Young men and women who volunteered to join the Minnesota Army National Guard got to experience a small taste of basic training and military training during the three-day event.

"The intent of Operation Future Warrior is removing the mystery of the training recruits will experience when attending Basic Combat and Advance Individualized Training," said Lt. Col. Eduardo Suarez, recruiting and retention battalion commander.



St. Paul-based Combat Aviation Brigade welcomes new senior enlisted leader

Posted: 2017-05-23  08:03 AM
Hellkamp ARDEN HILLS, Minn. - The Minnesota National Guard's 34th Combat Aviation Brigade welcomed a new senior enlisted leader during a change of responsibility ceremony, May 21, 2017, at the Arden Hills Army Training Site.

Command Sgt. Maj. Mitchell Hellkamp assumed duties as the unit's senior noncommissioned officer (NCO) from Command Sgt. Maj. Stephen Cunnien, who served in the position for the past two years and will be retiring from the military later this year.

"Command Sgt. Maj. Cunnien is one of the finest leaders that I have worked with in my career," said Col. Shawn Manke, commander of the 34th CAB. "He sets the example for all noncommissioned officers and Soldiers to emulate. He is a true professional, as a visible leader and teacher for the Soldiers of the combat aviation brigade. We're grateful for his many years of service, and we wish him well as he closes out his military career and enters the next chapter in his life."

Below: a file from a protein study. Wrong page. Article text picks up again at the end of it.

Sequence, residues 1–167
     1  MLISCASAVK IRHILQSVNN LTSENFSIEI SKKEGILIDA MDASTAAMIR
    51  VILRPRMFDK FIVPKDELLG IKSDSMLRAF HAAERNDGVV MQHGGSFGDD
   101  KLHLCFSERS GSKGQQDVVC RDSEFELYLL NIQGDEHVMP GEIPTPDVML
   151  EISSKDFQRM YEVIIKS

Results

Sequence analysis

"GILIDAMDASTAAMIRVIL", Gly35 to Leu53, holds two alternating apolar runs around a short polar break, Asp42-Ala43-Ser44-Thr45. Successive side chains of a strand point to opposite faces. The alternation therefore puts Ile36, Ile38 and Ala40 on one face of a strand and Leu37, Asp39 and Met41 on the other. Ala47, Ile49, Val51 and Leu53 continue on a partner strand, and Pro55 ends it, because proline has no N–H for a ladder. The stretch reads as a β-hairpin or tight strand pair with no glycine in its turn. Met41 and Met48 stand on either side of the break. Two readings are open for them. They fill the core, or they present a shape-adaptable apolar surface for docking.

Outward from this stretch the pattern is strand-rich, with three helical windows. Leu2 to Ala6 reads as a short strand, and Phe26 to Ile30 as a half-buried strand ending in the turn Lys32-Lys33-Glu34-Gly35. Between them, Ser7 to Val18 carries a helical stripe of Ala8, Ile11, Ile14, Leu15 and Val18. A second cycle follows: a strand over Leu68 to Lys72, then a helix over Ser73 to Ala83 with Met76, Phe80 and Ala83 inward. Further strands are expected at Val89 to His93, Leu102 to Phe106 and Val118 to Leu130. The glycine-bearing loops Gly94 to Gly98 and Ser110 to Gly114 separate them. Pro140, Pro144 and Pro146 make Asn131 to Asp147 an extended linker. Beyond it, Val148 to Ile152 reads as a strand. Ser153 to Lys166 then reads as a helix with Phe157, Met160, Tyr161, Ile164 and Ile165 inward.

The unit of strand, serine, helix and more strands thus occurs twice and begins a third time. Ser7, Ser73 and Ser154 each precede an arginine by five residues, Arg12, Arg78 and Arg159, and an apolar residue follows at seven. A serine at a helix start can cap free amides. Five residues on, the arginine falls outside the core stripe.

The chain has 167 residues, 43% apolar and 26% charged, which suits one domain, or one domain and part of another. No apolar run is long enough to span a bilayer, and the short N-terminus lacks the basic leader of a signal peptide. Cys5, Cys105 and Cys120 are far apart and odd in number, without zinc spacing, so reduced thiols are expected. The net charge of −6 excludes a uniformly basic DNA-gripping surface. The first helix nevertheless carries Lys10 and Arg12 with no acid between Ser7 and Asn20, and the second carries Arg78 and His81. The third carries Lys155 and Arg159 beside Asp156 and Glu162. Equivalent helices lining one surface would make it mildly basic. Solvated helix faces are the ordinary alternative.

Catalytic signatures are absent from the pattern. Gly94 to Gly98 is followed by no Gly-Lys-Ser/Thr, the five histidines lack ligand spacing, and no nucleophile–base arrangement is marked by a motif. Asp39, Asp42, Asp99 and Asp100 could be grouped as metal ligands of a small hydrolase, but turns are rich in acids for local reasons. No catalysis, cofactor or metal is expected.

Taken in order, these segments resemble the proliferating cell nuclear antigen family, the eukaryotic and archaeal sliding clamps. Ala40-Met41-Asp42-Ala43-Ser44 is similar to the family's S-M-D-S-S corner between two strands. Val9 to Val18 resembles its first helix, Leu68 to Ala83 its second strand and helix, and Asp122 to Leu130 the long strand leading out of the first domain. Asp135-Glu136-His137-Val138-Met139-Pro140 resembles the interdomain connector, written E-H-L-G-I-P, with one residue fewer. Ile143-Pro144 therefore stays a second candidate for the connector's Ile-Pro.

Families recognized for sacrifices during Guard deployment

Posted: 2017-05-22  10:57 AM
Welcome Home ST. CLOUD, Minn. - Soldiers of B Co., 2-211th General Support Aviation Battalion were welcomed home May 20, 2017, at the River's Edge Convention Center in St. Cloud, Minnesota. During the ceremony, families were recognized for their sacrifices during the year-long deployment.

"I often tell Soldiers and truly believe that as hard as our jobs are at times, our families have the harder job at home," said Lt. Col. Kevin O'Brien, commander of the 2-147 Assault Helicopter Battalion. "Because Army family members have a unique burden that many of their friends and families cannot understand, they form family readiness groups, or FRGs, to share information and provide support to one another."

The company's FRG leader, Rhiannon Knutson, wife of Chief Warrant Officer 2 Tom Knutson, was in constant contact with the unit's families and went above and beyond what is normally expected of FRG leaders, said the unit's readiness non-commissioned officer, Sgt. 1st Class Mark Wood.



Camp Ripley's Training Support Unit keeps the base running

Posted: 2017-05-16  12:41 PM
Camp Ripley CAMP RIPLEY, Minn. - The Camp Ripley Training Support Unit is designated to the care, upkeep and assistance to the installation and those utilizing the facility.

"The Training Support Unit's (TSU) primary focus is to support unit training requirements and ensure smooth operations here on Camp Ripley and the Arden Hills Army Training Site in the metro," said Sgt. 1st Class Terry Clabo, Training Support Unit Readiness NCO.

Camp Ripley features numerous ranges and state-of-the-art training facilities to support military, law enforcement, first responder and inter-agency partner training requirements. The installation is structured to have a full complement of automated small arms and large caliber weapon ranges as well as several specialized training facilities.